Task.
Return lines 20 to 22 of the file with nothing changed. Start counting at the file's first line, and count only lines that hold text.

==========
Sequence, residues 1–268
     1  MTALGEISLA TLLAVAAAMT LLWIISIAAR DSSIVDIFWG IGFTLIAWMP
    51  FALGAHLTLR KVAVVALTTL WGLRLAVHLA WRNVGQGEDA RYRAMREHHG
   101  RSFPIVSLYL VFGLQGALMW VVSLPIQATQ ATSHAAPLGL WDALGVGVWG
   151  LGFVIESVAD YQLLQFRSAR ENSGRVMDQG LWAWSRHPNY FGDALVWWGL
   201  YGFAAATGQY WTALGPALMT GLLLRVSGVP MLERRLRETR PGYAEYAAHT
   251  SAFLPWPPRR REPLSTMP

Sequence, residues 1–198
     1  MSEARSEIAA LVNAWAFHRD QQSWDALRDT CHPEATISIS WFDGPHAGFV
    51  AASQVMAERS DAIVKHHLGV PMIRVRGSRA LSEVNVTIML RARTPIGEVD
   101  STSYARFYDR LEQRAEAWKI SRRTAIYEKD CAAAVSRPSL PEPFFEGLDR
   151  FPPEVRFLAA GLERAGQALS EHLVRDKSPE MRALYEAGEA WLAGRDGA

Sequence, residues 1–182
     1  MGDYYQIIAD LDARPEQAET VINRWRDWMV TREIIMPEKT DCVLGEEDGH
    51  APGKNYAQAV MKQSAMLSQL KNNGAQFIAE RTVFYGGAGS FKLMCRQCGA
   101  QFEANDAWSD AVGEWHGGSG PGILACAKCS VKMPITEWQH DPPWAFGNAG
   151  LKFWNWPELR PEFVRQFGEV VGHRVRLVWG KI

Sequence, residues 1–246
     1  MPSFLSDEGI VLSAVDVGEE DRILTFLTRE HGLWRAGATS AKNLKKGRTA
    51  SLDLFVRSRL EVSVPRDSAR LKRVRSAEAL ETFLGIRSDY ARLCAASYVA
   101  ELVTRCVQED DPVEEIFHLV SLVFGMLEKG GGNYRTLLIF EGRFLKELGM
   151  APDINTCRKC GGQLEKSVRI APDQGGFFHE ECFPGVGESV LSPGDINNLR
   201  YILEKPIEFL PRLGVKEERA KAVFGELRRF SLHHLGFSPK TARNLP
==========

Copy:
    51  SLDLFVRSRL EVSVPRDSAR LKRVRSAEAL ETFLGIRSDY ARLCAASYVA
   101  ELVTRCVQED DPVEEIFHLV SLVFGMLEKG GGNYRTLLIF EGRFLKELGM
   151  APDINTCRKC GGQLEKSVRI APDQGGFFHE ECFPGVGESV LSPGDINNLR